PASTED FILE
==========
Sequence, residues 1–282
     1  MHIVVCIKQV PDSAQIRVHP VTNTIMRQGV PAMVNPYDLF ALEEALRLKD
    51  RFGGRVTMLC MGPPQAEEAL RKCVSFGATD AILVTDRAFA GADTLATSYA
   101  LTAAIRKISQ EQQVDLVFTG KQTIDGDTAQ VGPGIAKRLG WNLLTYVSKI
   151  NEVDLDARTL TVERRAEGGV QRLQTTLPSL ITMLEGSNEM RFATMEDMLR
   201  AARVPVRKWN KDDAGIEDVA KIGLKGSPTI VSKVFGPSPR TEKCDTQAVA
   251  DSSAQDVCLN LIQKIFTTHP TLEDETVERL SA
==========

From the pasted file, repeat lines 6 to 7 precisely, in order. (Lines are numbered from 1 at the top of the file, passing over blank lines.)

   201  AARVPVRKWN KDDAGIEDVA KIGLKGSPTI VSKVFGPSPR TEKCDTQAVA
   251  DSSAQDVCLN LIQKIFTTHP TLEDETVERL SA